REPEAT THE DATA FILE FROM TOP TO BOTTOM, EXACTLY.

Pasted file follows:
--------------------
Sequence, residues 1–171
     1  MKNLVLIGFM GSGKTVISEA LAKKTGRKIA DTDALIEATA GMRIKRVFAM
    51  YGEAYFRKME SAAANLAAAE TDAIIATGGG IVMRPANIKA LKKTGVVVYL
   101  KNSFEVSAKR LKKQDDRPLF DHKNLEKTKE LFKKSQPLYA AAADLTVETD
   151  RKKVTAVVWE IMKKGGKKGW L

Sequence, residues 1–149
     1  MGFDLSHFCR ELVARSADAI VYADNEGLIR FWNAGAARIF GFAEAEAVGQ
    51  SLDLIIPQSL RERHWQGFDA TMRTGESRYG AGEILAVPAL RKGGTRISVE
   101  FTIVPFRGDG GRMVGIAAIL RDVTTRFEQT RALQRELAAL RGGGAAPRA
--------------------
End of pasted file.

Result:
Sequence, residues 1–171
     1  MKNLVLIGFM GSGKTVISEA LAKKTGRKIA DTDALIEATA GMRIKRVFAM
    51  YGEAYFRKME SAAANLAAAE TDAIIATGGG IVMRPANIKA LKKTGVVVYL
   101  KNSFEVSAKR LKKQDDRPLF DHKNLEKTKE LFKKSQPLYA AAADLTVETD
   151  RKKVTAVVWE IMKKGGKKGW L

Sequence, residues 1–149
     1  MGFDLSHFCR ELVARSADAI VYADNEGLIR FWNAGAARIF GFAEAEAVGQ
    51  SLDLIIPQSL RERHWQGFDA TMRTGESRYG AGEILAVPAL RKGGTRISVE
   101  FTIVPFRGDG GRMVGIAAIL RDVTTRFEQT RALQRELAAL RGGGAAPRA